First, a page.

Sure, it looks like a smooth little semi-auto mouse gun but, as with many things in this crazy world, under it’s sleekness hides some strangeness. First, it’s not a pee-shooter, but rather a 5-shot .45 ACP hardballer. Second, its not semi-auto at all but rather more of a pump-action. It’s the Semmerling LM-4, and though it may look like a swan to some, at its heart it’s still one odd little duck.
Since the beginning of modern time, there have been rough handed individuals whose services are retained by certain quiet branches of the government to maintain a fragile system of covert operations. These
individuals are sent to exotic places, meet interesting people, and occasionally have to fight for their lives to make it back home.
In the 1970s, a small shadowy company in the Boston area by the name of the Semmerling Corporation began producing a compact little gun for the special purpose of arming such individuals. The primary tenants of the pistol was that it be a small and durable as possible, with absolute reliability but crucially pack a decent punch—no mouse guns, as the gun was to allow a covert agent working deep cover, to have a concealed firearm to engage in violence if they could not otherwise extract themselves from the situation.
The action of the gun, dubbed the LM-4, is likely different from any other double action pistol you have ever seen. Designed to be a fully locked breech with a static slide, this meant the pistol had to be cycled manually by hand after each shot with the user pushing the slide forward then back to eject the spent brass, and chamber the next round. This sounds awkward, but with practice the slide could be pushed forward with the thumb of the off hand and five shots could be fired in 3-4 seconds. Another technique, if you have long fingers, is to pump the slide one handed with the trigger finger between shots. Since there is not a working action to divert the blowback, recoil on these guns is stout, but not uncontrollable.
While this configuration is not as fast as a standard revolver or semi-auto, the Semmerling pistol was significantly smaller in its day. Since there was no slide that automatically cycled rounds, there was no need for a slide lock or slide stop, safety/decock lever, or slide release, meaning the pistol was much slimmer than many other designs. Striker fired; there is no hammer to snag. Overall, at its widest point, the gun is 0.8125 inches across. Overall length is just 5.3-inches with a respectable 3.75-inch barrel that is capable of effective accuracy at combat pistol distances.
Fully loaded with five rounds (1+4), it tipped the scales at just 19.7-ounces. Now we know that today there are a whole slew of small-framed semi-autos out there that weigh less, but consider that these incorporate extensive use of polymer, not the heavy grade steel of the LM4.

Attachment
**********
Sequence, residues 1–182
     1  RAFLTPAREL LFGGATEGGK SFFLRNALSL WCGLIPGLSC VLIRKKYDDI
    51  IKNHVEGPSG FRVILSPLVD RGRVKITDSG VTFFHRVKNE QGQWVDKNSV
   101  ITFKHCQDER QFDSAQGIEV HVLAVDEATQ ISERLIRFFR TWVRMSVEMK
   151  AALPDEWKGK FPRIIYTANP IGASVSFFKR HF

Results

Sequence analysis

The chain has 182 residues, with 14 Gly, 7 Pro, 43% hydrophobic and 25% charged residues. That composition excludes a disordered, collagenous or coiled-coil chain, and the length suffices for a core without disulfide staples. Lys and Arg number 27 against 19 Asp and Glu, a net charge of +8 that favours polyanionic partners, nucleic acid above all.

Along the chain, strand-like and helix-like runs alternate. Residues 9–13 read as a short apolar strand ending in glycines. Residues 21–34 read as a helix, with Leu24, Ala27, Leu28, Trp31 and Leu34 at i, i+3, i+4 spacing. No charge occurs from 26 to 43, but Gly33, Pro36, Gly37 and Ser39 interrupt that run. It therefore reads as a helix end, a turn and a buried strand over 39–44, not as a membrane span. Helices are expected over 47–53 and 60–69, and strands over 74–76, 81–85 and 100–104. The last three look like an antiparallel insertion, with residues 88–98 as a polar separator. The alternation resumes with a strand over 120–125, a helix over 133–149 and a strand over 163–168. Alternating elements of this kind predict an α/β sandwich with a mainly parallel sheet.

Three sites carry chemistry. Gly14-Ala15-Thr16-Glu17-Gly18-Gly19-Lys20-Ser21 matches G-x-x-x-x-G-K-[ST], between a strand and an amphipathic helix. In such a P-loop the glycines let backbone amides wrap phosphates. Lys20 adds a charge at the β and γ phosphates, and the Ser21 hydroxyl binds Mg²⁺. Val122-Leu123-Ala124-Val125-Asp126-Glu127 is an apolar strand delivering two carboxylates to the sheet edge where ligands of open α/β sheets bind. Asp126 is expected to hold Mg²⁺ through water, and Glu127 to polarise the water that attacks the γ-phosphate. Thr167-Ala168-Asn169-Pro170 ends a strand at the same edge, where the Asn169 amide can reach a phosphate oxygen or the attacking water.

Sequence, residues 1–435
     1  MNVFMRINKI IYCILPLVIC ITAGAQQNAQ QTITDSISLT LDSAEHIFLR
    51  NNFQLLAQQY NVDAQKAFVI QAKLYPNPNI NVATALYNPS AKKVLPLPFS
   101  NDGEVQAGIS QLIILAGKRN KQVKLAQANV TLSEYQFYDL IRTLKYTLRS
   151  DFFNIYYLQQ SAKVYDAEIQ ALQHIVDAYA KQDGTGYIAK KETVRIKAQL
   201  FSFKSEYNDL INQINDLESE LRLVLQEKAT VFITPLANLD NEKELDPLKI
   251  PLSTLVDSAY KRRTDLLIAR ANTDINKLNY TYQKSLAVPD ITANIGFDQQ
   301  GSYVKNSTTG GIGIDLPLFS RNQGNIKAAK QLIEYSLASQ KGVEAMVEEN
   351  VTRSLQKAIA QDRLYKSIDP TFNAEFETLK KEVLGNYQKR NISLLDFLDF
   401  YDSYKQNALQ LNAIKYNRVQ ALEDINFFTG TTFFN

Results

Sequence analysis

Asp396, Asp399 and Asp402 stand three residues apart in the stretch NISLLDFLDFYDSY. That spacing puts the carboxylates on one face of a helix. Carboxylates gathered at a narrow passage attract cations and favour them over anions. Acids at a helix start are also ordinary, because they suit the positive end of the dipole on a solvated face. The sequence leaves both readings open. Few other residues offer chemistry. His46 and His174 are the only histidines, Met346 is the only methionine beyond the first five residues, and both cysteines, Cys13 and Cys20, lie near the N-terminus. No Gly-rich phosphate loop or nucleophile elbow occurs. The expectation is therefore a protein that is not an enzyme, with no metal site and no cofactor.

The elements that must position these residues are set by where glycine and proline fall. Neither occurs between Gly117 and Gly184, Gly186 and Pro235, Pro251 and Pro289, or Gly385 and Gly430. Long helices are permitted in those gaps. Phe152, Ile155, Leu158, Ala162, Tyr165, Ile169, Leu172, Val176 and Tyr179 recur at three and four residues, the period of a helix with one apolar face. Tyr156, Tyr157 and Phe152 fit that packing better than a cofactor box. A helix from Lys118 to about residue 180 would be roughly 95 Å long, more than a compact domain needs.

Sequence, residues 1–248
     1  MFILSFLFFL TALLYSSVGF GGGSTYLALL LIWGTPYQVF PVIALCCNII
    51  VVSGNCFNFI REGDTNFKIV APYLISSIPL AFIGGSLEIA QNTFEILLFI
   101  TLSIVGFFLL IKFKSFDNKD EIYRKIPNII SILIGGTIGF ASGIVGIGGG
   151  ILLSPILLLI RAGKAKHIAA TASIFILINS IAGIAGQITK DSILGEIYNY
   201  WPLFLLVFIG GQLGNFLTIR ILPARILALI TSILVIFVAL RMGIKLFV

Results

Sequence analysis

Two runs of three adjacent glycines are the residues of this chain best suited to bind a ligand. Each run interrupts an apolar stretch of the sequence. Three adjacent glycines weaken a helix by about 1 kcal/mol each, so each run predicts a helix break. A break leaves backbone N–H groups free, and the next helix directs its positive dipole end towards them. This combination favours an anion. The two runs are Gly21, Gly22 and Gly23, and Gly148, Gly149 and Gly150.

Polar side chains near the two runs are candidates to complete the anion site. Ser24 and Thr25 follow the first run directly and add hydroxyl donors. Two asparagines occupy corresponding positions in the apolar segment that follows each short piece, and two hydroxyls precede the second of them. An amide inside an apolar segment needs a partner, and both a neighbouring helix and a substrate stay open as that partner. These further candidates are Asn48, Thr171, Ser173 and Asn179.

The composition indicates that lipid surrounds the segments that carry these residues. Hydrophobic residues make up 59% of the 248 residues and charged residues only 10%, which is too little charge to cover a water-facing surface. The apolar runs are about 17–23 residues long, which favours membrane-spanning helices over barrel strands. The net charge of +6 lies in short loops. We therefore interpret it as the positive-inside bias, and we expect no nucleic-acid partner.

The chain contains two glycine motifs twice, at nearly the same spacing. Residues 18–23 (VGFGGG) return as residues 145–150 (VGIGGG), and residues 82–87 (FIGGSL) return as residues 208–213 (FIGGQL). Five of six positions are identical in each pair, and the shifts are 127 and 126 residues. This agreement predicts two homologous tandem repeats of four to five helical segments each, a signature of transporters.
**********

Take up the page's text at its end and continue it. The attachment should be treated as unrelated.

Quality control was mission one of the Semmerling plant. Built of SAE S-7 hi-shock tool steel, the same stuff that power hammer dies and drill bits are made from, the gun was cut from one big block of metal.
Designed with 33-parts including the grips, all screws, and springs, etc., it’s about as durable as you can get, even by 21st century standards. During the manufacturing process, each gun was magnafluxed and sent to two separate labs for independent x-ray testing to make sure the metal was sound.
Whereas even small commercial pistol makers churn out dozens of guns per day, each Semmerling was effectively hand made at a rate of two or three per week.
Philip Lichtman filed patents in 1976 for the design. Litchman, like the gun itself, is shadowy figure but research shows that he was an inventor who, besides his work in firearms, also shows several designs patented for precision surgical tools for electro surgery granted as late as 2006.
These things are super rare to collectors and have been highly sought after since they were first manufactured in the 1970s. The original guns were offered to the US Army and various unnamed agencies and not for sale on the civilian market. In the 1990s, American Derringer started limited production for the collector’s market and made them up until 2003. About the lowest you can expect to touch a Derringer-made example is $1800 in used but good condition. The Boston-made Semmerling Corp models, of which only an estimated 600 were born and more than a hundred of which are in museums, run more than twice that much as they were in the words of someone close to the company, “manufactured with a single purpose and for a special audience”
One engine driving the collectability of these guns is that novelist F. Paul Wilson’s “Repairman Jack” character is frequently armed with one of these rare gatts. It should be noted that the LM4s on display at the National Firearms Museum include some with threaded barrels for the simple attachment of suppressors.
Looks like Jack could be a quiet repairman if needed.